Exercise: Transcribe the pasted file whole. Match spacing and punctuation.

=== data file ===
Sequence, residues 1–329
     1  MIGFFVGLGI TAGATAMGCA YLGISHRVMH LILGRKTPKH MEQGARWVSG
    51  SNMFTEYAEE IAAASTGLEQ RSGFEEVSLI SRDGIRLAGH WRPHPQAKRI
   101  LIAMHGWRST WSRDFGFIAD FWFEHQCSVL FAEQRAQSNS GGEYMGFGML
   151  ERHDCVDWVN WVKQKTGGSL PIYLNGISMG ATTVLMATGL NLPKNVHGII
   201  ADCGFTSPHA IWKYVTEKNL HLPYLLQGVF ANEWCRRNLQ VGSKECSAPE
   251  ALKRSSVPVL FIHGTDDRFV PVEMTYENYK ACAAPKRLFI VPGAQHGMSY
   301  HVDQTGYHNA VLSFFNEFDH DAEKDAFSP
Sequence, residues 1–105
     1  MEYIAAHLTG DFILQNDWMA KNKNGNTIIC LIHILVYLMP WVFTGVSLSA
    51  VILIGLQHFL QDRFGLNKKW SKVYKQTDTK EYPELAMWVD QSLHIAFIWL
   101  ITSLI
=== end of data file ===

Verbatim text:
Sequence, residues 1–329
     1  MIGFFVGLGI TAGATAMGCA YLGISHRVMH LILGRKTPKH MEQGARWVSG
    51  SNMFTEYAEE IAAASTGLEQ RSGFEEVSLI SRDGIRLAGH WRPHPQAKRI
   101  LIAMHGWRST WSRDFGFIAD FWFEHQCSVL FAEQRAQSNS GGEYMGFGML
   151  ERHDCVDWVN WVKQKTGGSL PIYLNGISMG ATTVLMATGL NLPKNVHGII
   201  ADCGFTSPHA IWKYVTEKNL HLPYLLQGVF ANEWCRRNLQ VGSKECSAPE
   251  ALKRSSVPVL FIHGTDDRFV PVEMTYENYK ACAAPKRLFI VPGAQHGMSY
   301  HVDQTGYHNA VLSFFNEFDH DAEKDAFSP
Sequence, residues 1–105
     1  MEYIAAHLTG DFILQNDWMA KNKNGNTIIC LIHILVYLMP WVFTGVSLSA
    51  VILIGLQHFL QDRFGLNKKW SKVYKQTDTK EYPELAMWVD QSLHIAFIWL
   101  ITSLI